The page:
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Travels in Malaysia with children part 2 (Penang)

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Wat Chayamangkalaram

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Wat Chayamangkalaram was built in 1845 and houses a 33 meter long Reclining Buddha

Day two in lovely Penang started with a splash in the pool before heading off with a driver for an adventure. We started at a beautiful Thai Buddhist temple where our children enjoyed sticking gold leaf onto a Buddha like I did in Thailand when I was 15.

Across the street is a tranquil Burmese Buddhist temple which we leisurely explored, speaking with a young Burmese man who is learning English, looking for our Chinese zodiac signs and climbing 4 floors to the top of the beautiful stupa with excellent views of the surrounding hills, city and sea. On the top level of the stupa I walked into the small temple in search of my children and found them both ‘praying’ in a traditional pose even though they have never been taught to pray or seen us do it.

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Dhammikarama Burmese Buddhist Temple was built in 1803

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Our next stop was Penang National Park to visit Teluk Duyung (Monkey Beach). We hired a boat captain and cook and had a great time dashing across the bays on a fairly calm sea to the beautiful beach that is famous for its crab macaques.

ImageWe saw plenty of crabs in the swash zone but no monkeys. While our lunch was being prepared we walked up the steep incline to the lighthouse that sits on the head land above the beach. It was a bit difficult for our kids in the hot, humid weather but they did a great job and walked the whole way including to the top of the lighthouse to enjoy the view, with only a minimal amount of complaints.

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Our cook was extremely friendly and prepared for us a feast of delicious food on the barbecue and we gorged ourselves beside the beach listening to the gentle crash of waves. Afterwards our children played in the water while my husband sipped from a fresh coconut. I enjoyed watching the beautiful Arab women exploring the beach in their black abayas, the local woman in their lovely hijabs and long clothing and felt confronted by the western women in bikinis because it seemed culturally insensitive and inappropriate. I wore a lightweight long sleeve shirt with trousers and tried not to imagine how lovely it would feel to be in my bikini in the surf too. Our boat captain was very sensible and allowed the younger captains to speed past us while we enjoyed a safer and more sedate pace.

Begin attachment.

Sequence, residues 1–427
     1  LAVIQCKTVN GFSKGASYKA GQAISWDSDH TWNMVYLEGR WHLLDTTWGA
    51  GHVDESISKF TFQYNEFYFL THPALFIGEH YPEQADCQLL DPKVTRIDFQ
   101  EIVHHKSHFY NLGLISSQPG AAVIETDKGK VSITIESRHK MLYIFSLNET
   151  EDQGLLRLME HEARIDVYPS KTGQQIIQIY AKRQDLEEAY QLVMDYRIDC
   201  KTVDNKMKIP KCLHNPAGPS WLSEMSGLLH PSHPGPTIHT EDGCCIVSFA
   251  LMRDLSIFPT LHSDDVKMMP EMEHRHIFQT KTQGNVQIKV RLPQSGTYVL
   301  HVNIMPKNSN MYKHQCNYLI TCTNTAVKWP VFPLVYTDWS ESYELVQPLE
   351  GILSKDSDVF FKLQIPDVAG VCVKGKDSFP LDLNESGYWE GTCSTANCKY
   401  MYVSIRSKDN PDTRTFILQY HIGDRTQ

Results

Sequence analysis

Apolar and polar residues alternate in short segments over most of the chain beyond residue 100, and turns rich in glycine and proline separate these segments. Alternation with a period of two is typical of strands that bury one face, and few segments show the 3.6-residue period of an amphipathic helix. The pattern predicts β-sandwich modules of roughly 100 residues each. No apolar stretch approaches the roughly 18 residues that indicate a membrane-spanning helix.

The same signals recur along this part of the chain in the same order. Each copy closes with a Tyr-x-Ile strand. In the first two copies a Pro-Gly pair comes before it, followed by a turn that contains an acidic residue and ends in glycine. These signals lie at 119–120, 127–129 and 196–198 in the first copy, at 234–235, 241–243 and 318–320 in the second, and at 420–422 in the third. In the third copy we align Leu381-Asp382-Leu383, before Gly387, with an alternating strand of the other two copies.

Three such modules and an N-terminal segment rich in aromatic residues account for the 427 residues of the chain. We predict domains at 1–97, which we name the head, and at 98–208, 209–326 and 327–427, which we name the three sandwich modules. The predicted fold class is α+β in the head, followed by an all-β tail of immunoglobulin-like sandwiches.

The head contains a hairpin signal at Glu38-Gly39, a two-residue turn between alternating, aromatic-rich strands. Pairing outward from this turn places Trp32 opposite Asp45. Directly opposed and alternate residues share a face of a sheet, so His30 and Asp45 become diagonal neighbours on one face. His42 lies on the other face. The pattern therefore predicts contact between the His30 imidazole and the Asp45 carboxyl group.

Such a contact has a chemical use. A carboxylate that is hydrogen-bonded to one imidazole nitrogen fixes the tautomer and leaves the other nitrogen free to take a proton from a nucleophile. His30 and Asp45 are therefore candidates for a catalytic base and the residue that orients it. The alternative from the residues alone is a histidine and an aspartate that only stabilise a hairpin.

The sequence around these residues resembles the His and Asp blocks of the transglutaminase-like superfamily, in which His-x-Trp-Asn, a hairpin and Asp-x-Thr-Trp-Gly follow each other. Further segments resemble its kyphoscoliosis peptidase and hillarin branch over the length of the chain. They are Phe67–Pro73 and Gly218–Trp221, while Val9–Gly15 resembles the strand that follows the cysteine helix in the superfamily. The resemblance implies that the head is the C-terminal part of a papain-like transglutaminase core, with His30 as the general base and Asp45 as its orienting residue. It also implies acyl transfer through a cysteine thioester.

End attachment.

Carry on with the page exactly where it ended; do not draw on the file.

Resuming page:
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In a surprising lack of forethought we had very little cash with us so at the next destination (the butterfly park) our driver had to pay for us because they didn’t accept credit cards. It’s always a shock to travel in a largely cash based country!  He must have thought we were a bunch of boobies! The butterflies were beautiful and our children were delighted especially when the butterflies landed on us. For me the highlight was the modern indoor exhibit with a short film showing, and the glass exhibits with tarantulas, scorpions, frogs snakes and many other fascinating creatures.ImageImageImageImage

Throughout our time so far we have benefited from the casual kindness of strangers and we are having a great time. As we left the car the driver said that our son could stay with him and he was obviously smitten with his large blue eyes and friendly nature, as are so many people who stop and smile at him. This evening the children and I were fencing with plastic water bottles outside a shuttered shop. We were loud and when a man emerged from the gloom I assumed we had annoyed him so I apologised but he laughed and said our bottles were too small and handed us a 1.5L bottle!

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4 comments on “Travels in Malaysia with children part 2 (Penang)

  1. Pingback: Travels in Malaysia with children part 3 | strivetoengage

  2. Pingback: Farewell Penang | strivetoengage

  3. Pingback: Travels in Malaysia with children part 4 | strivetoengage

  4. Pingback: Travels in Malaysia with children part 5 | strivetoengage

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